polarizations and SiO line polarizations, and discuss the possible toroidal
and poloidal fields in the disks and jets. I will also discuss the
formation process and the growth of the protostellar disks, and the possible
magnetic braking that reduces the angular momentum in the envelope.
Interestingly, more than 10 organic molecules including prebiotic molecules
are detected in the atmosphere of one of the disks. I will compare their
abundances to those in the hot corinos around low-mass protostars and touch
on the possible formation mechanism of those molecules. Some of the
molecules seem to be formed on CO icy grains and some in the gas phase.
 
Vendredi 20 septembre 2019, 14h00
Atelier, Paris
Challenging a Newtonian prediction through Gaia wide binaries
Xavier HERNANDEZ
UNAM, Mexico
résumé :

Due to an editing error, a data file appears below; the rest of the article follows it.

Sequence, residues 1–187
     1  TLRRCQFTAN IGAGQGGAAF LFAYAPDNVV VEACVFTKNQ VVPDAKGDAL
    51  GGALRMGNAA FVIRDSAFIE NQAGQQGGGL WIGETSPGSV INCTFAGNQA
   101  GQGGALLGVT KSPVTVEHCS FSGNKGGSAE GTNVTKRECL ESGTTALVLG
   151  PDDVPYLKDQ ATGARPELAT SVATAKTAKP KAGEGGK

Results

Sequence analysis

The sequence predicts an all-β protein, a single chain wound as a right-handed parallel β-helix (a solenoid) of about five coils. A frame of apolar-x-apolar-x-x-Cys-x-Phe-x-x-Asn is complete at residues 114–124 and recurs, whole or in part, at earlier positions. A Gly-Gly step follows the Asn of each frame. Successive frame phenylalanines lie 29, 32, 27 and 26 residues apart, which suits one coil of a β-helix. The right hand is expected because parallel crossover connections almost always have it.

Under Newtonian dynamics, the relative motion of the components of a binary star should follow a Keplerian scaling with separation. Once orientation effects and a distribution of ellipticities are accounted for, dynamical evolution can be modelled to include the effects of Galactic tides and stellar mass perturbers. This furnishes a prediction for the relative velocity between the components of a binary and their projected separation. After reviewing recent work evidencing the existence of a critical acceleration scale in Elliptical Galaxies and Globular Clusters, I will show new results showing such a phenomenology in Gaia wide binaries using the latest and most accurate astrometry available. The results are consistent with the Newtonian prediction for projected separations below 7000 AU, but inconsistent with it at larger separations, where accelerations are expected to be lower than the critical a0 value of MONDian gravity. This result challenges Newtonian gravity at low accelerations and shows clearly the appearance of gravitational anomalies of the type usually attributed to dark matter at galactic scales, now at much smaller stellar scales.